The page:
Written by Silas Valentino
36-year-old Jayceon Taylor is having a banner year. Known to us plebs as The Game, 2016 has been a succession of little successes for the Compton rapper. He released two albums over the summer: Streets of Compton in June, the original soundtrack for an A&E documentary of the same name, and the quick follow up Block Wars in July, another soundtrack but for The Game’s own Atari-produced mobile game. And then a mere three months later he returns with his latest release, 1992, his 8th studio album. All of this comes just one calendar year after he released his previous LP The Documentary 2. Just listing these releases is almost obnoxious but just goes to prove that The Game is all about the hustle.
1992 was a pivotal year (this measly rock writer was born that very Valentine’s Day) but to the then 12-year-old Taylor, the year was riddled with conflict. As depicted on the album artwork – completed by none other than Darryl “Joe Cool” Daniel who fashioned Snoop’s Doggystyle artwork – 1992 was a tumultuous time of the Rodney King beating, O.J. Simpson’s media parade and the Los Angeles race riots. Yet at the center of the album’s artwork, and at the center of the album itself, is The Game, pulled apart by Bloods and Crips plus the world at large.
Translating these disputes into dialogue, The Game treats 1992 as a nostalgic call back that pays respects to his heroes as he upheaves his various roots. Before a single line is delivered, album opener “Savage Lifestyle” begins with a news segment comparing visuals of the Rodney King race riot to Operation Desert Storm as a sample of Marvin Gaye’s seminal “Inner City Blues (Make Me Wanna Holler)” starts to creep in. The Game soon follows with a steady flow calling out “the trap” where “red and blue don’t matter when you black.” He describes gun smoke filling the air, contempt for President Bush and “Niggas robbin’ liquor stores with taped up ‘Duck Hunt’ guns,” a sharp use of imagery that plays on the innocence lost of a 12-year-old boy submerged in violence and chaos.
The sampling of old school beats doesn’t stop with Gaye and later in the album The Game remixes “Colors” by Ice-T and the Wu-Tang Clan’s “C.R.E.A.M.” 1992 is far in the rearview and The Game isn’t through with paying his dues.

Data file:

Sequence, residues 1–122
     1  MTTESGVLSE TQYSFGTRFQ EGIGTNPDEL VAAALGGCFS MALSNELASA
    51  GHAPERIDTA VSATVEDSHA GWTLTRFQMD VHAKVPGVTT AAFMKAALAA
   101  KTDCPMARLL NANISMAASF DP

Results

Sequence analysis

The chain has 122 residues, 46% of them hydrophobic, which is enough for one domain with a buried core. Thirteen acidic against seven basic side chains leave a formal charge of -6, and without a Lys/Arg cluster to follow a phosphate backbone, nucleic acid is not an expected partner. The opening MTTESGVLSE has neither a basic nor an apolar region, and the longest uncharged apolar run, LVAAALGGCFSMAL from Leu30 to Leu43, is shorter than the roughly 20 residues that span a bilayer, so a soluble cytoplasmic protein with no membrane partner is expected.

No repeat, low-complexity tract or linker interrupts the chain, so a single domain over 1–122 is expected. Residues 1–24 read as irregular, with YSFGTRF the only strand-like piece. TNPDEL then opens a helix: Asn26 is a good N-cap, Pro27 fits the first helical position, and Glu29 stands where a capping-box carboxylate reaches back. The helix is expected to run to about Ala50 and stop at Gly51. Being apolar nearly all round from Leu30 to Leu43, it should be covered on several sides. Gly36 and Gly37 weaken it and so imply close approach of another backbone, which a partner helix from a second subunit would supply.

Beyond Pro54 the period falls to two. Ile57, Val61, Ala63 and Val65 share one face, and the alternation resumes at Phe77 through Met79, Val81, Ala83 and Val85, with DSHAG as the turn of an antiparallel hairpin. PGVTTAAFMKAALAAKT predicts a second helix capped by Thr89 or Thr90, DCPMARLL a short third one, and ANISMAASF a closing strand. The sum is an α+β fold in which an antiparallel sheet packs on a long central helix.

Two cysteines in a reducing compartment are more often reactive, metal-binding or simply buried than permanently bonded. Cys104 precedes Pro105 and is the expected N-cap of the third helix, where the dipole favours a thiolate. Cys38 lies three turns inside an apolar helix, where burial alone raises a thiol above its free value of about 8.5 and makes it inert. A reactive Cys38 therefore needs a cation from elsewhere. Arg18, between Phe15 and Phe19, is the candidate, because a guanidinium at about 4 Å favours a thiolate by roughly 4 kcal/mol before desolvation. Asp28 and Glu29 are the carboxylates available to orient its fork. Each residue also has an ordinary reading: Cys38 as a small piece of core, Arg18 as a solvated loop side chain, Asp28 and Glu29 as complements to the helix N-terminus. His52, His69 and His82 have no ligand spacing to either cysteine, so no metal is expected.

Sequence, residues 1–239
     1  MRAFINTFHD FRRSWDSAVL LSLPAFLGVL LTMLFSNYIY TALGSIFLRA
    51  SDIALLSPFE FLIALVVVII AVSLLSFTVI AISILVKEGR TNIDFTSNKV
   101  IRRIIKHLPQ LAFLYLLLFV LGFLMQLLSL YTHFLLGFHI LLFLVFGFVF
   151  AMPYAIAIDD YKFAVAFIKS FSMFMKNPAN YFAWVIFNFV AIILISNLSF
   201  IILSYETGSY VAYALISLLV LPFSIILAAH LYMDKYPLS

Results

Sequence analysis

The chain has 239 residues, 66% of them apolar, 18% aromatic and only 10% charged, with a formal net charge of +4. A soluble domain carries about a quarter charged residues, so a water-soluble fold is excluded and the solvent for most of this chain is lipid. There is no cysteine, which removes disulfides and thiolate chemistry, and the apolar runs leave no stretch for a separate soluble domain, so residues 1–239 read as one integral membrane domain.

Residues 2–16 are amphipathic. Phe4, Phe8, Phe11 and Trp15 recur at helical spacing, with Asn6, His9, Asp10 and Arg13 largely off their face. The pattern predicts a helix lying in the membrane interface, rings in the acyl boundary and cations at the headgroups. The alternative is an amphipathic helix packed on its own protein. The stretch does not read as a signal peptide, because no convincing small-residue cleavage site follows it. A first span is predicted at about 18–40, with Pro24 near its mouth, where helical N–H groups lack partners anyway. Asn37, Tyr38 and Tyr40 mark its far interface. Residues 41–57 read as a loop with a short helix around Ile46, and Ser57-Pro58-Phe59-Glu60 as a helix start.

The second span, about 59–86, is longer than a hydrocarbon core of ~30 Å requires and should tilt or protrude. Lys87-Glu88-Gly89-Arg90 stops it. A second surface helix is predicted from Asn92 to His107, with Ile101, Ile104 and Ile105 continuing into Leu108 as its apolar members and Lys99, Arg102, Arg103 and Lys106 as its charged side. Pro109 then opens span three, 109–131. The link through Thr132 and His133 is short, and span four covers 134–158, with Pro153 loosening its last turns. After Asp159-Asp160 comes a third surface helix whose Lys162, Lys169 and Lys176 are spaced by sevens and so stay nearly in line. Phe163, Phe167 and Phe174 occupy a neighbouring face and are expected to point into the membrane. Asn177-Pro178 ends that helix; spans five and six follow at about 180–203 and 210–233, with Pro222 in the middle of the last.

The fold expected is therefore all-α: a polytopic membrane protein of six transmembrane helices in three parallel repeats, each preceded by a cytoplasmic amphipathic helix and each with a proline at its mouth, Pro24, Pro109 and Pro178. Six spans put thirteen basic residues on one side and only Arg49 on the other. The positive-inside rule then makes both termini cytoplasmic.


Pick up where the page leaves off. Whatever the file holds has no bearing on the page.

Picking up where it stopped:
Topping off the album is the Tupac-referencing “All Eyez” (clearly a nod to ‘Pac’s landmark All Eyes on Me album) but unlike any of the philosophical gangster rap expressed on the former, “All Eyez” is a lady-loving slow jam featuring the R&B crooner Jeremih. Over a bouncy beat with glossy production, it takes a full 38 seconds before The Game appears to prove that this is actually one of his tracks and not a mistake. Without any context and with a fresh pair of ears, if “All Eyez” came onto the radio, chances are listeners would be strapping in for a Justin Bieber-like single. It’s that poppy, trading left hooks for the left field.
Even though this a honey-smooth track is rumored to be about model Karrueche Tran, you can’t teach new tricks to an old dawg and The Game spends part of the time blasting young foes: “Back when lame niggas hit you with the one liners/All sounding the same like Future and Desiigner.”
The music video for the single matches the polished production with images of The Game snuggling up with his lady friend while enjoying the ultra-affluent side of life, but the boy has been officially taken out of Compton when at the 1-minute mark he’s seen slipping his feet into some sandals, socks intact. This may very well be the visual that ultimately discredits The Game. Or he’s just comfy – we all get to decide.
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